The city of Paphos on the southwest coast of Cyprus was the capital of the island in Roman times, and dates from 1400 BC. Legend has it that the city is built on the spot where the Greek Goddess of Love, Aphrodite, was born. The city also has many connections and relics from early Christianity. Paphos lost out to Larnaca as a major port in the Middle Ages and experienced a decline during the British colonial period when development of this part of the island came to a standstill.

Paphos is now growing on the strength of tourism and government investment in infrastructure such as roads and the international airport. Investments in construction of hotels, apartments and villas has also been prevalent in recent years.

Paphos town is a popular seaside resort with a population of 39,500. The Ktima section of the city is the main residential area, while Kato Paphos is the playground of holidaymakers, built around the medieval port with its numerous luxury hotels, tavernas and entertainment venues.


The archaeological site of Kato Paphos which is in the World Heritage List, includes areas and monuments from prehistoric limes up to and including the Middle Ages, with most dating to the Roman period. The mosaic floors of four villas of tlie Roman period are the epitome of all these findings. Other important monuments are the Asklipeio, the Odeon, the early Christian Basilica and the fort of Saranta Kolones.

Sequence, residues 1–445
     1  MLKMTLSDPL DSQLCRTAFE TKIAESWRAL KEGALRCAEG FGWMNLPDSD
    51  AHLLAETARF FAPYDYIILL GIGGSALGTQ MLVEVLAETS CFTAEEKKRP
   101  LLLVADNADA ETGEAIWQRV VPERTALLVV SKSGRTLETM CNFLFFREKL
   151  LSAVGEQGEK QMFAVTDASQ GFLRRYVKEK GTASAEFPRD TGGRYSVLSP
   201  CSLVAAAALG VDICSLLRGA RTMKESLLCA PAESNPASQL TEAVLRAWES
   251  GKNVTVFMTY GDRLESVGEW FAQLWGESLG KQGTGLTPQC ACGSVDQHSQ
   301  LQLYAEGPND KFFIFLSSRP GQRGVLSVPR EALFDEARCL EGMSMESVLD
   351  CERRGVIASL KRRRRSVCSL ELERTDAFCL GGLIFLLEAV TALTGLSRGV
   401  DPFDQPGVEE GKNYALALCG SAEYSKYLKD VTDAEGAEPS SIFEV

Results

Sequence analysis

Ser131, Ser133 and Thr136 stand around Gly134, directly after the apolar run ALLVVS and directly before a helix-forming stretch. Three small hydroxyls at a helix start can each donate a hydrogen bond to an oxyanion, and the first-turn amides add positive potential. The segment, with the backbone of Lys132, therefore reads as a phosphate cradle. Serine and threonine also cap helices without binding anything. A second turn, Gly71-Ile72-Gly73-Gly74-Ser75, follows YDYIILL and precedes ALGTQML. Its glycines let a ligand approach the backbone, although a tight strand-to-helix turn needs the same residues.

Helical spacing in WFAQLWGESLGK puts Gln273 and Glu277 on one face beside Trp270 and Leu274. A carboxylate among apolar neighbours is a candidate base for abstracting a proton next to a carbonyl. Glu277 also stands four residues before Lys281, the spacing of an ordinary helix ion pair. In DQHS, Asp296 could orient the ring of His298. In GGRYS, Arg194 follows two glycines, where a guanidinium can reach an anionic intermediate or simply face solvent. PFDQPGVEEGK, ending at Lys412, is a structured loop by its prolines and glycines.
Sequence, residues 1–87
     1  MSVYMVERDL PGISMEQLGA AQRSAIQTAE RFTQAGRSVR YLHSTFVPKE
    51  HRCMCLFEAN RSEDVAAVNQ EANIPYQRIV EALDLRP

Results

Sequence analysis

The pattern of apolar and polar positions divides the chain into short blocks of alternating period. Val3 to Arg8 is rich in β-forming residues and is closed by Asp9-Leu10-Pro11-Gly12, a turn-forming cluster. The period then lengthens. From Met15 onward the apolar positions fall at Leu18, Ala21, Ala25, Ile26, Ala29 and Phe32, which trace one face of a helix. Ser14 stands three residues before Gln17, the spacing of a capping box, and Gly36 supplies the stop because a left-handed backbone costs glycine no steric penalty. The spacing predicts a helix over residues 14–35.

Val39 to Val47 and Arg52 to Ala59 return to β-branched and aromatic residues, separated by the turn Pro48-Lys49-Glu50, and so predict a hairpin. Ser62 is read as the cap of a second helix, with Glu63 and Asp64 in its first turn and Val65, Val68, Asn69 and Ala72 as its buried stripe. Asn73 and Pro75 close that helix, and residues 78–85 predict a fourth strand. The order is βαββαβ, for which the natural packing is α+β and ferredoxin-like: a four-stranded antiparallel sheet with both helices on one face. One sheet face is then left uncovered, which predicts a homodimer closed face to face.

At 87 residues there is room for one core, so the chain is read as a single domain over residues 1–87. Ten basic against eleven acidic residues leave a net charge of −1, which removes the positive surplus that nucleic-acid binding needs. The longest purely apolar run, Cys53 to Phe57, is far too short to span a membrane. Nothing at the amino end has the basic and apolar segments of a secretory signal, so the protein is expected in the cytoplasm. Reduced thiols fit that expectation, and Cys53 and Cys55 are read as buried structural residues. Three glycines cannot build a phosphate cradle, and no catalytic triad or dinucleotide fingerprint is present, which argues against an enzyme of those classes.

The Mosaics of Paphos

The striking mosaic floors in a series of ancient Roman noblemen's villas, dating from the third to fifth century AD, are a must-see for visitors to Paphos. The site where the villas are still being excavated can be found at the end of Kyriakou Nikolaou Street, about 300 metres from the Paphos harbour.


Near the modern Paphos lighthouse is sited a complex of ancient buildings, including a Roman Odeon, built in the 2nd century AD, which has been restored and is now used for summer orchestral and stage performances. The Odeon was the focus of the ancient city centre, of which some ruins still remain in the area. South of the Odeon are the remnants of the Roman Temple of Asclepius, the God of Medicine, and north of the lighthouse are the ruins of the ancient town walls.

Tombs of the Kings

There are actually no kings buried here. Rather the site known as the Tombs of the Kings, one mile (two km) northwest of Paphos harbour towards Coral Bay, was the final resting place of about 100 Ptolemaic aristocrats who lived and died in the city between 3 BC and 3 AD.


Paphos Airport (International), Cyprus, Paphos 8320

Airport information: +357 2624 0506
Flight information: +357 6 801800
Location: 9 miles (15km) east of the city

Third weekly flight to Paphos, Cyprus

British Airways has added a third weekly flight to its London Gatwick to Paphos service starting 6 February 2004.
The new flight will operate on Fridays leaving Gatwick at 1410 arriving in Paphos at 1835 and will then leave Paphos at 1935 arriving Gatwick at 0020.

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